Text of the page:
That means he went to church every Sunday, hours before that week’s worship service (even while he was a prisoner of war in world war two). His achievement is an extraordinary level of dedication and testament of his faith. My grandmother, his sister, always held up his example when I complained about going with her to Sunday school and church.
Here’s something I realized many years ago. Despite the inspiring accomplishment that Uncle Julian achieved so many years in a row, he wasn’t always a shining light in our family. He never married, lived an austere life that suited his devotion, but was often bitter for reasons I can only begin to imagine. Julian lived in the same home he grew up in for most of his life.
More than his faith and attendance, I remember him being mean to his adult sisters. I didn’t like that, and told him so whenever I visited. He was a hard worker, retiring from the same job he’d started before WWII in the late 1990’s. He stayed busy after retiring, spent even more time at church, or helped as he could in the small community where he lived most of his life.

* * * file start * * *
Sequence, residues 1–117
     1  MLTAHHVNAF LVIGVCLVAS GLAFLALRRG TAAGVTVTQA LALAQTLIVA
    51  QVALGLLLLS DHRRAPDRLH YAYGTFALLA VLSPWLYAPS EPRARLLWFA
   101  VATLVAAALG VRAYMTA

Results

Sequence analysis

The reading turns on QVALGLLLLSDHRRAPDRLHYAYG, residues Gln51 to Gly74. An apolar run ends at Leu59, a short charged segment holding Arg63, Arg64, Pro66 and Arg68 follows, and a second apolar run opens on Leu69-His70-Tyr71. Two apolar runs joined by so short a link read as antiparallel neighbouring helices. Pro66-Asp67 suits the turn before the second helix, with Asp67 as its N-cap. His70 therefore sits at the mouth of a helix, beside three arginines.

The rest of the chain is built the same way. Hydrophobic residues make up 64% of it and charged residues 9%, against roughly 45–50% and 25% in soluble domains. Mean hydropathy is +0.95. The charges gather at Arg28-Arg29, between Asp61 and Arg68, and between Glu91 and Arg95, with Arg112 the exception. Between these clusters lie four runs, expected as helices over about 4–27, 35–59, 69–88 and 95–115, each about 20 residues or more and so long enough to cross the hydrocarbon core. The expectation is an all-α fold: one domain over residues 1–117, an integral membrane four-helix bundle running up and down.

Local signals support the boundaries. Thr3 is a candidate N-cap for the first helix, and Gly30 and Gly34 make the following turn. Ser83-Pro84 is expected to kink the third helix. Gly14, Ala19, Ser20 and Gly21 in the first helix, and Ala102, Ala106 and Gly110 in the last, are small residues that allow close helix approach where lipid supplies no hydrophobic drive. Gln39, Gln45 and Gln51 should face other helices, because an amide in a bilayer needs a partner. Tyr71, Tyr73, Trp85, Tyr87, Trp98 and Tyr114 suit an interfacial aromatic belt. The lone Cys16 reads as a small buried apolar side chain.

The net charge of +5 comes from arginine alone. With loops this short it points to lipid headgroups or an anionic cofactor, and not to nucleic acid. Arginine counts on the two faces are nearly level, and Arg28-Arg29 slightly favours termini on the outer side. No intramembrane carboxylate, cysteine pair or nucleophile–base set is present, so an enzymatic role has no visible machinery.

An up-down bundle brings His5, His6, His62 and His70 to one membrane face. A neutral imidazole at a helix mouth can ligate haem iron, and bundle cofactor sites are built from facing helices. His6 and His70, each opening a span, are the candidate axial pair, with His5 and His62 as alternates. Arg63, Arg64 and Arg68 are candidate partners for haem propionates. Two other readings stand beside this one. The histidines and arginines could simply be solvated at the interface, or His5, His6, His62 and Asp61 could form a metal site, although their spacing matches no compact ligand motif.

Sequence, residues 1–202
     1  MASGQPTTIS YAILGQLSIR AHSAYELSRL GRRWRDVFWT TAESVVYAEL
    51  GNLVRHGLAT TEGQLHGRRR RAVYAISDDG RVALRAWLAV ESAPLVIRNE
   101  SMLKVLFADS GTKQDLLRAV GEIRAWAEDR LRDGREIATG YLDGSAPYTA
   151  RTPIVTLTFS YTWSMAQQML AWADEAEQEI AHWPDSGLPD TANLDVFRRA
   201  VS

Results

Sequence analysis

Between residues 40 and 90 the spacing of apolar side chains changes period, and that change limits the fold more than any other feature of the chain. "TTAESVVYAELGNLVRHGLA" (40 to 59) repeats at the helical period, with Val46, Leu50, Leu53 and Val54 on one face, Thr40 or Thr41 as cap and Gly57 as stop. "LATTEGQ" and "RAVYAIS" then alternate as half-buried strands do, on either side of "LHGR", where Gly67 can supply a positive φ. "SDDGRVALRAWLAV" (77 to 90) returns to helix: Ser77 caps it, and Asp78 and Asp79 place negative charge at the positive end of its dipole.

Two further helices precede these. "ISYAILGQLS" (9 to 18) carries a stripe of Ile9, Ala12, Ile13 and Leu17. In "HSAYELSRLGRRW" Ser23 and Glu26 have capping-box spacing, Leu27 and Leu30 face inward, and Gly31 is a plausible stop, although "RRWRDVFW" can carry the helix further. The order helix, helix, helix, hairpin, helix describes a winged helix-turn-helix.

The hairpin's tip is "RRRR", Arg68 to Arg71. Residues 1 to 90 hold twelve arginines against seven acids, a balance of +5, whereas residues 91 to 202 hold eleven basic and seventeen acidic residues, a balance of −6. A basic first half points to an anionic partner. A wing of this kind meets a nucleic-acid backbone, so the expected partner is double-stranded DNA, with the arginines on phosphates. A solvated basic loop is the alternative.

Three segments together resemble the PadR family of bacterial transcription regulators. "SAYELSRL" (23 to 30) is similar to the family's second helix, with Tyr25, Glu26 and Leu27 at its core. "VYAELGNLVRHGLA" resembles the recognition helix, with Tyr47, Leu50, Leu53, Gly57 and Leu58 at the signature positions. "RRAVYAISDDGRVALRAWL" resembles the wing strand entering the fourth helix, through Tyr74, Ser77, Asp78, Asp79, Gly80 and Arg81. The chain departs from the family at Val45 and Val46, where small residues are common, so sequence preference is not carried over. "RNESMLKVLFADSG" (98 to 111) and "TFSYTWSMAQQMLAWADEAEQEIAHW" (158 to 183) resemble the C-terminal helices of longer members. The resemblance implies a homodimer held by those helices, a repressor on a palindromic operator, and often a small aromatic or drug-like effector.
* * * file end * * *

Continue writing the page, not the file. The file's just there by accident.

I relate this little bit of family history because like my Uncle Julian, the characters I write about are complex. Individuals are seldom one or two dimensional characters, and that holds true for the people in my stories. Uncle Julian had great faith and determination, but he held anger and resentment that our family endured the six days a week he wasn’t at church.